Some of the lower testing ponds had nitrogen concentrations of 4 mg/l and phosphorous at 3 mg/l.  Those levels would supply negligible levels of nutrients from an agronomic perspective.  When you look at the average levels of the 8 ponds and include the high outlier levels, the acre inch application level would lead to 15 lbs of nitrogen/acre and 5 lbs of phosphorous/acre.  Those are relatively low levels but still worth crediting in a nutrient management plan.

A point I am always trying to educate my audience on is that concentrations alone really don’t mean much unless you put some sort of flow or rate with them.  This exercise is a great example of why I try to always make that point when I am presenting nutrient loads (load is a product of concentration and flow rate of runoff) from the monitoring done on the ND Discovery Farms.


ND Water Monitoring Conference a Success!

It had been over 15 years since the last one, but a very successful water monitoring conference was held Feb. 27th-29th in Bismarck, ND.  For those of us who hadn’t been here for the last one, it was a tremendous learning experience.  Until you get all the water quality researchers in a state into one room, it is hard to understand how much good work is going on.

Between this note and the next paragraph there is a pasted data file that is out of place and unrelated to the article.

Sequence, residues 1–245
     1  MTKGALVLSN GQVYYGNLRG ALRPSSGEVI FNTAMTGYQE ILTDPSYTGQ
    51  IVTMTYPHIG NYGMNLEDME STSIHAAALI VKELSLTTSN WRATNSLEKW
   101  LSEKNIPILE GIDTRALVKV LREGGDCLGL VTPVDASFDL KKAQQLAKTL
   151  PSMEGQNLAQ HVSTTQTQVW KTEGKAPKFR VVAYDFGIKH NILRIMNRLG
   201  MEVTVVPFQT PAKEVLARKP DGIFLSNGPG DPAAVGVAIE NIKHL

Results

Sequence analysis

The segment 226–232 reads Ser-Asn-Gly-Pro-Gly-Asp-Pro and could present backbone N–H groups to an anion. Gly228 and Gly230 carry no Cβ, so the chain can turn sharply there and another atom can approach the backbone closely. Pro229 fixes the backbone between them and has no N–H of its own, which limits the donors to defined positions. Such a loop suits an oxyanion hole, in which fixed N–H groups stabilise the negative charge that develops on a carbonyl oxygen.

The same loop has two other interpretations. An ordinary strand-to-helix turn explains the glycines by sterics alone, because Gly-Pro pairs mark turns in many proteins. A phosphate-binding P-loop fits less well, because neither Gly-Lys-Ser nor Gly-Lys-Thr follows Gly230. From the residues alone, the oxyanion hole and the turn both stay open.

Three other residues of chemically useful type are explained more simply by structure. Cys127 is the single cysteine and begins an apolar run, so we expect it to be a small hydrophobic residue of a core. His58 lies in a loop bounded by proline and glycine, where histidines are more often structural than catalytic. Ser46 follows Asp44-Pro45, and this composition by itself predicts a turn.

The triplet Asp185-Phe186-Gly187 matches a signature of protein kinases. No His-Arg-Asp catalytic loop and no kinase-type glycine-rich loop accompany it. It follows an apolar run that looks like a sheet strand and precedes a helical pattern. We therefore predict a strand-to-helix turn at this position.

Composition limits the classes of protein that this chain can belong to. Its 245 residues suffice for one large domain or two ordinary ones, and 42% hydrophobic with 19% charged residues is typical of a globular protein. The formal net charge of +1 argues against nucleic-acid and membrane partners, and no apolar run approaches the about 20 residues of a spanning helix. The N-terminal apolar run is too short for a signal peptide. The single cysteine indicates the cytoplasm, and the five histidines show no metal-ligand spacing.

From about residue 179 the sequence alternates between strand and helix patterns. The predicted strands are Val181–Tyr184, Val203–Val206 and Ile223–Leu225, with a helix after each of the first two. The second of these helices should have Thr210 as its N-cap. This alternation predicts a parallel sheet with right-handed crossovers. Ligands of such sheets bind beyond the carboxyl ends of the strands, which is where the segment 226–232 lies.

I was impressed with the breadth and depth of data that has been collected in the state.  We have a very good dataset of water quality parameters for most of the water bodies of concern.  The missing pieces have also been identified and work is ongoing to fill in the blanks.